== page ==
• Proposed Decrease to Florida Worker's Compensation Insurance Premiums
  • August 25, 2015 | Author: Hayley Lewis Folmar
  • Law Firm: McConnaughhay, Coonrod, Pope, Weaver, Stern & Thomas, P.A. - Jacksonville Office
  • On Friday, August 21, 2015, the National Council on Compensation Insurance (NCCI) filed the 2016 Florida Workers' Compensation Rate Filing with the Florida Office of Insurance Regulation. The filing proposes a Statewide average premium decrease of 2.2 percent. If approved, the new rates will become effective January 1, 2016. The proposed rate changes for each industry group show a decrease in most industries. Notably, the contracting industry faces a slight increase. The proposed rates for each industry group are as follows:
    • Manufacturing: 4.7% decrease
    • Contracting: 1.0% increase
    • Office/Clerical: 5.1% decrease
    • Goods/Services: 1.6% decrease
    • Miscellaneous: 1.8% decrease.
    This rate filing includes a proposed reduction of the fixed expense cost applicable to every workers’ compensation policy in Florida from $200 to $160.

    If the proposed filing is accepted, Florida’s overall workers’ compensation rates would fall for the second year in a row. In November 2014, the Florida Office of Insurance Regulation approved an overall decrease of 5.2 percent in workers’ compensation rates in Florida for 2015. Last November’s approved rate decrease was the state’s first reduction in four (4) years. According to the NCCI, Florida’s workers’ compensation insurance rates, overall, remain stable and comparable with other Southeastern states.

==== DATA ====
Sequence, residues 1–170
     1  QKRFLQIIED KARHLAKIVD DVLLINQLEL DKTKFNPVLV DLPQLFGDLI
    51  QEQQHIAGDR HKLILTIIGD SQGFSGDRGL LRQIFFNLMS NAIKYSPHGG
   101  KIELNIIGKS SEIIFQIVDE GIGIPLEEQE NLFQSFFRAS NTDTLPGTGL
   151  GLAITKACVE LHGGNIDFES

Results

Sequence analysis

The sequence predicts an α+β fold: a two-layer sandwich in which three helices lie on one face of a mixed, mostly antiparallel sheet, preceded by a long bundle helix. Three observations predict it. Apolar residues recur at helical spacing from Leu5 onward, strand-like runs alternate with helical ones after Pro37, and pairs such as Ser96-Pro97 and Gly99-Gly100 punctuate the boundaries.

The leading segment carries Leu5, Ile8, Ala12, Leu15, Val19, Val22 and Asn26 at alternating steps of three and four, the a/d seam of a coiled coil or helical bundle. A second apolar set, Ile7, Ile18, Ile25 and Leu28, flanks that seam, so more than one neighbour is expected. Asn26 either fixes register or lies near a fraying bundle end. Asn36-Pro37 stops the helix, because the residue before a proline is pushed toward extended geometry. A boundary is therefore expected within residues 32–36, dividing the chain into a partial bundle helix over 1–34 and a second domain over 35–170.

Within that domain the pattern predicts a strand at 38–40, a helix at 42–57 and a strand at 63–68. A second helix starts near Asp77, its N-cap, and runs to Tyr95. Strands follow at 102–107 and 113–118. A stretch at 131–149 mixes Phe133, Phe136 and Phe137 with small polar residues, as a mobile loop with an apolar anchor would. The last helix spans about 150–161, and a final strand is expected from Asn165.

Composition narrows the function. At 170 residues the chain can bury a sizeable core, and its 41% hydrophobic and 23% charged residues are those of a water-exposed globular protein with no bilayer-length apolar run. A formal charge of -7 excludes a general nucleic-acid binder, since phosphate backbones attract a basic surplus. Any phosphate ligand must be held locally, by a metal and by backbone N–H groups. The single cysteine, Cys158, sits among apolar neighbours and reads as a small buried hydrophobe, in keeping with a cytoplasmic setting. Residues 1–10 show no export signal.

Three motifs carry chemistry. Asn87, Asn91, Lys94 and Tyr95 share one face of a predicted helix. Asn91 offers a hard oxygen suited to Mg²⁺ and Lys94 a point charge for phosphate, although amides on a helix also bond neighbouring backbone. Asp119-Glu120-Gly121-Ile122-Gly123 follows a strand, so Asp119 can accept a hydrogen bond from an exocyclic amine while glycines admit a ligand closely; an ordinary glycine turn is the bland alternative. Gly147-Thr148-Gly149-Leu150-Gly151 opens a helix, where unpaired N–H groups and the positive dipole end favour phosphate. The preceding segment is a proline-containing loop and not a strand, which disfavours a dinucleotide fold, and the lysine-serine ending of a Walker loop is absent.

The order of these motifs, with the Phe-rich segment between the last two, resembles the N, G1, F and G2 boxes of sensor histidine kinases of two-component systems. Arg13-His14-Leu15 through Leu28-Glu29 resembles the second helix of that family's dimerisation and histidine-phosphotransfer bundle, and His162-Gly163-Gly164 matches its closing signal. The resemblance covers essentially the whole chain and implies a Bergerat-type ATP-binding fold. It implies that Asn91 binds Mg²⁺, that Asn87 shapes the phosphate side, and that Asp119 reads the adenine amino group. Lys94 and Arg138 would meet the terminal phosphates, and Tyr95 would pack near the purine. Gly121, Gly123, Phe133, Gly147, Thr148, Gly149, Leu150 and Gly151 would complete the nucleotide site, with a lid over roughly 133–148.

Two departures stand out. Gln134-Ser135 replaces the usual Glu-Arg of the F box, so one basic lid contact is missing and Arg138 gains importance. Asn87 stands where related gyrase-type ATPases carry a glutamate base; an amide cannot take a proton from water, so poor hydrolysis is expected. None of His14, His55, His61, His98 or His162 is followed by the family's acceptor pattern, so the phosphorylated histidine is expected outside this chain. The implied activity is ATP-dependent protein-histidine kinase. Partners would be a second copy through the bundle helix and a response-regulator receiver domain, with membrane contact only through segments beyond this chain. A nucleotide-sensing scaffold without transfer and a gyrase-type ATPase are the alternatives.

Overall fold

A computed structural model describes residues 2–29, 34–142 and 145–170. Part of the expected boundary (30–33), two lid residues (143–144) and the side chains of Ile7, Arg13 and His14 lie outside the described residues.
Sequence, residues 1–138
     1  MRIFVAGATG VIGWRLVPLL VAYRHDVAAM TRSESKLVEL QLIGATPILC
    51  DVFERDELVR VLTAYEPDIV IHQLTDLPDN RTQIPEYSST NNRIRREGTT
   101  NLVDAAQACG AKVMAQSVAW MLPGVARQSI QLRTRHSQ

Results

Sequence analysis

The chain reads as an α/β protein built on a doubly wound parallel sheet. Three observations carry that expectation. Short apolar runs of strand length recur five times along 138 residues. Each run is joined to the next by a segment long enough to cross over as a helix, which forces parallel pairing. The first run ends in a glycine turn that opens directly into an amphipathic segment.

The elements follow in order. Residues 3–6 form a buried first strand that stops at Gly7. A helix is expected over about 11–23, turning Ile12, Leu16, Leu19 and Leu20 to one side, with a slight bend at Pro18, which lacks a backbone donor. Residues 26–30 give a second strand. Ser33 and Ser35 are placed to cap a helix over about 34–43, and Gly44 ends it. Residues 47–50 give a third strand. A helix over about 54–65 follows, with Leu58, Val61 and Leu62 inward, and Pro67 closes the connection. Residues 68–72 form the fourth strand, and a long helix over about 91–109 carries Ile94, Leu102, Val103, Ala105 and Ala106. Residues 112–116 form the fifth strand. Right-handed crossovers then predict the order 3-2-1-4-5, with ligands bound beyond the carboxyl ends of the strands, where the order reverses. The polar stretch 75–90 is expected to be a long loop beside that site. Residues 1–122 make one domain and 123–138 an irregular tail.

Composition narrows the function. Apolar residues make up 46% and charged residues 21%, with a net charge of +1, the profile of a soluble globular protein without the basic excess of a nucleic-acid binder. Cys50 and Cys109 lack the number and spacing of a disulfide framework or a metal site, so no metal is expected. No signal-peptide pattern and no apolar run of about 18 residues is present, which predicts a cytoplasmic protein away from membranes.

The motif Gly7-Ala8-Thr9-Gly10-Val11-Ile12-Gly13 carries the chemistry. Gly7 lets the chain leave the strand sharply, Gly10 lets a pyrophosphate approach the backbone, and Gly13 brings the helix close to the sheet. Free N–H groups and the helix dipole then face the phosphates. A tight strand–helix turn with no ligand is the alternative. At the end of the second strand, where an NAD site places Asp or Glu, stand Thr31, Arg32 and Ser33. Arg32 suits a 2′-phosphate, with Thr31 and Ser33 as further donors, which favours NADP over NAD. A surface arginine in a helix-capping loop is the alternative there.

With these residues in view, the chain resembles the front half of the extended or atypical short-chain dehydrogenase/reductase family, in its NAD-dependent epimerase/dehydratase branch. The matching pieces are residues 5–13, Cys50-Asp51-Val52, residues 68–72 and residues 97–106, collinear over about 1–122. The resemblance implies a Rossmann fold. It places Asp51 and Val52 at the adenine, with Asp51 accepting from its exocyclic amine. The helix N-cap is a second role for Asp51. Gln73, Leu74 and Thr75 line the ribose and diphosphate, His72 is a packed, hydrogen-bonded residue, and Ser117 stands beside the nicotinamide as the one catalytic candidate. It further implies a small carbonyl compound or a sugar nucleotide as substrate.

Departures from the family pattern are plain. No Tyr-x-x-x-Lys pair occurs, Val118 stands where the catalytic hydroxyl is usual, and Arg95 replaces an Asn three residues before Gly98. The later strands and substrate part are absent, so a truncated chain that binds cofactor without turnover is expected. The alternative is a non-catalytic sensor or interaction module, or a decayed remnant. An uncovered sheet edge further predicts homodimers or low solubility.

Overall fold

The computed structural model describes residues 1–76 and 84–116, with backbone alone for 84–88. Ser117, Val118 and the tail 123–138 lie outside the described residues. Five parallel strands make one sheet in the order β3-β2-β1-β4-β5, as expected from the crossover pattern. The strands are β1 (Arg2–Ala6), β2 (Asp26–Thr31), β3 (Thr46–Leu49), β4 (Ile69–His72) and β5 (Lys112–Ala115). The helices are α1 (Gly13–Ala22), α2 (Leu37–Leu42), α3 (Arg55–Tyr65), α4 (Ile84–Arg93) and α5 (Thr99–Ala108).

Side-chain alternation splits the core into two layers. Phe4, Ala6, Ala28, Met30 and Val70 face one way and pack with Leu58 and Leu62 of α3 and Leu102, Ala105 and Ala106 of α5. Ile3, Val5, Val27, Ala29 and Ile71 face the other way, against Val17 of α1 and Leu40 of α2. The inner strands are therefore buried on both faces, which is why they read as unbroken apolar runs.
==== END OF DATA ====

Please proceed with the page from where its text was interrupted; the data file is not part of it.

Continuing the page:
Notably, insurance rates could increase, perhaps dramatically, depending on decisions issued in the pending Florida Supreme Court cases: Westphal v. City of St. Petersburg, Castellanos v. Next Door Company; and Florida Workers Advocates v. State of Florida. NCCI has reported it is monitoring these cases and will be prepared to issue estimated cost impact analyses as well as submit amendments to the pending rate filing, if necessary.

    The Florida Office of Insurance Regulation reported it would review the filing to ensure the proposed changes are not excessive or unfairly discriminatory, as well as evaluate the potential effects on the insurance marketplace and employers.

    A public rate hearing will be conducted in October 2015.